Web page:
Communion of Cars: La Jolla Christian Fellowship hosts Drive-in Good Friday

More than 100 cars participate in La Jolla Christian Fellowship’s ‘Drive-in Good Friday,’ 5-6 p.m. April 10 along Genter Street.
(Elisabeth Frausto)

La Jolla Christian Fellowship (LJCF), 627 Genter St., has responded to the coronavirus crisis like many area churches, moving its weekly sermons online so parishioners may view them during a live watch party, or later at their convenience.

“We are a neighborhood church,” said pastor Adam Stadtmiller. “We are focused on a corner of La Jolla, trying to bless a community and having our parishioners replicate what we do where they live.”

However, Stadtmiller said he quickly realized that followers in the 90-year-old parish, needed more than just an online sermon. With more than 3,000 “hits” since going online a few weeks ago, Stadtmiller said: “It’s been really interesting to see how important a church community is. There’s a big uptake in how many people we can reach. Normally, we have about 350 in our congregation, and this is a great response.”

Wanting to give his parishioners something meaningful preceding Easter Sunday, Stadtmiller said he came up with the idea of a “Drive-in Good Friday” for April 10.

“Normally,” Stadtmiller explained, “the Good Friday service includes prayer, worship and a teaching, and on Easter Sunday we usually decorate a giant cross made of chicken coop wire with flowers. For ‘Drive-in Good Friday,’ we wanted to incorporate those elements, but tailor them for our followers within current COVID-19 restrictions.”

Stadtmiller, along with church operations manager Andrea Gallegos, planned an event that aligned with health protocols gleaned from calls with the San Diego Department of Health and County chiefs, including the medical officer and deputy. These calls, Gallegos said, are held weekly for faith-based organizations to discuss how to provide safe community services in times of a pandemic.

So this year’s Good Friday service, invited parishioners to stay in their cars and drive through four stations along Genter Street, from La Jolla Boulevard to Draper Avenue.

The first canopy had a worship leader welcoming the car with music from several feet away.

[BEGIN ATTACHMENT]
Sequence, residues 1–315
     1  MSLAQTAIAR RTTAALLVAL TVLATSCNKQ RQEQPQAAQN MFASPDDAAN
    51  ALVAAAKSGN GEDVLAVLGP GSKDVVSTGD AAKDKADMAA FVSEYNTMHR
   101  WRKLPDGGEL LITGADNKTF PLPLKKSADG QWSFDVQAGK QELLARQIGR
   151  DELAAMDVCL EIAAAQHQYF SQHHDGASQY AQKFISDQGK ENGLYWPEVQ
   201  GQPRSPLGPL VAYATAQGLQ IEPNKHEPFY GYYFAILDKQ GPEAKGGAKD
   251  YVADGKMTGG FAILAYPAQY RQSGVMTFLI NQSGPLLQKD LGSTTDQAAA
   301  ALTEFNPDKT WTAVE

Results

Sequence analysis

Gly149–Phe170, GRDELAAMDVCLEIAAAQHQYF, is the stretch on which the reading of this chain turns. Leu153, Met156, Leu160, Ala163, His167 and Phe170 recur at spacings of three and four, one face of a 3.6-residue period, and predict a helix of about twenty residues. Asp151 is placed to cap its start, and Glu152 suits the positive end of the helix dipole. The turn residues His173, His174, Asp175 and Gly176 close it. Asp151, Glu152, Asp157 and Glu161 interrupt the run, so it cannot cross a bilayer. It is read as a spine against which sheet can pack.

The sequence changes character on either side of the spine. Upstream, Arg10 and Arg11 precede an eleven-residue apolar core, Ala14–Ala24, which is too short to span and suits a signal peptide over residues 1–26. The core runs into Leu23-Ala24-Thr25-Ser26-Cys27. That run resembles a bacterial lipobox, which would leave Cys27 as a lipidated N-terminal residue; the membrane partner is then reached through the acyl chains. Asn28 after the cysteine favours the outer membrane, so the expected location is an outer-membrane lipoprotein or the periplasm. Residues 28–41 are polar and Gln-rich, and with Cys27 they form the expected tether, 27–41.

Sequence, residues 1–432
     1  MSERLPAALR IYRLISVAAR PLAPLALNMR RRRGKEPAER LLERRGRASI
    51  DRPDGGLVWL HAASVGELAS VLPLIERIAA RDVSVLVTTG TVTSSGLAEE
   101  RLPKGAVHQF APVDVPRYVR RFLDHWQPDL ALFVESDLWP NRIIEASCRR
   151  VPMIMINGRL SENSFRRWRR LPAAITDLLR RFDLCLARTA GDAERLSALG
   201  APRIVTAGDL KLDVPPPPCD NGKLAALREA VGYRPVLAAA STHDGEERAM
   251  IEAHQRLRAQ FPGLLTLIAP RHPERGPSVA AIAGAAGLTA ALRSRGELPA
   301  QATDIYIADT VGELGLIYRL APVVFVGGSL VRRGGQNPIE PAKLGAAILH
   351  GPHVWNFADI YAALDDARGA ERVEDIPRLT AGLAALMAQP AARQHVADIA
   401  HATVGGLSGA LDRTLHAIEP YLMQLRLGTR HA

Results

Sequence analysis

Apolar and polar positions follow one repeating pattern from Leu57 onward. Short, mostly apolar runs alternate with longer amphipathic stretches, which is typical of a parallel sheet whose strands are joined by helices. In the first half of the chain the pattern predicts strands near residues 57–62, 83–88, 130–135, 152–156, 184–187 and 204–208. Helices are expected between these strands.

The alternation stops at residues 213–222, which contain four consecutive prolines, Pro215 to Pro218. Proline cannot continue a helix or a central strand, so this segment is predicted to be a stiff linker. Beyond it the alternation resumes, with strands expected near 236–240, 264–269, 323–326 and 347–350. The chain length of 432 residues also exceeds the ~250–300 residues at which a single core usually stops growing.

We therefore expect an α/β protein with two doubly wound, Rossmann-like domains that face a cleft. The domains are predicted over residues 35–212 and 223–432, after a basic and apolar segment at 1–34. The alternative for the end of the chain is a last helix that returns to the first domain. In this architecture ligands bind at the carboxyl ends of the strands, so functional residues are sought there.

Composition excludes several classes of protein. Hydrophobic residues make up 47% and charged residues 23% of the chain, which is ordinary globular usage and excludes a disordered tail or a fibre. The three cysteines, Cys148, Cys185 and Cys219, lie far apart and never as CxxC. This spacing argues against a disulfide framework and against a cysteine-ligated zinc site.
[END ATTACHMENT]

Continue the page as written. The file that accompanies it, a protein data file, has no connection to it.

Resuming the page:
Following current coronavirus safety protocols, church members prepare Easter bags for parishoners.

The second station had masked and gloved church staff distributing Easter bags prepared under “strict sanitary procedures,” said Stadtmiller. “We made sure everything was perfect. The bags contained sermon notes, cinnamon rolls, items for children and LJCF magnets.”

Gallegos added: “Each bag also held one of pastor’s books, a CD from one of the worship leaders, or a Bible, and came with a note not to open until Easter Sunday, when online participants were instructed to open the note as part of the service’s watch party.”

Attendees drove on to the third station, the offering table, where they could drop off donated supplies, such as toilet paper or hand sanitizer — or flowers that church staff would then add to the traditional cross.

At the final station, Stadtmiller greeted parishioners in mask and gloves with individual “sanitized communion packets with wafer and juice included,” he said. Congregants then prayed with Stadtmiller from inside their cars, broke open their sealed communion packets, and drove off.

Youth pastor Harry Wilson waits to pray with congregants under the La Jolla Christian Fellowship’s flower cross.
Youth pastor Harry Wilson waits to pray with congregants under the La Jolla Christian Fellowship’s flower cross.
(Elisabeth Frausto)

Drive-in Good Friday took place for an hour starting at 5 p.m. Friday, April 10, with some 100 cars in attendance, wrapped around the block. More than 200 parishioners took part, Stadtmiller reported, and many items were donated and then handed back out to those in need.

LJCF continues to offer special services, such as free and paid counseling, and distributing essential supplies to needy parishioners.

“We’re focused on expansion and enfolding,” Stadtmiller said of this time of crisis. “We’re more effective than we’ve ever been, and reaching more people than ever before. In 90 years, this may be the strongest period of community we’ve ever had.”

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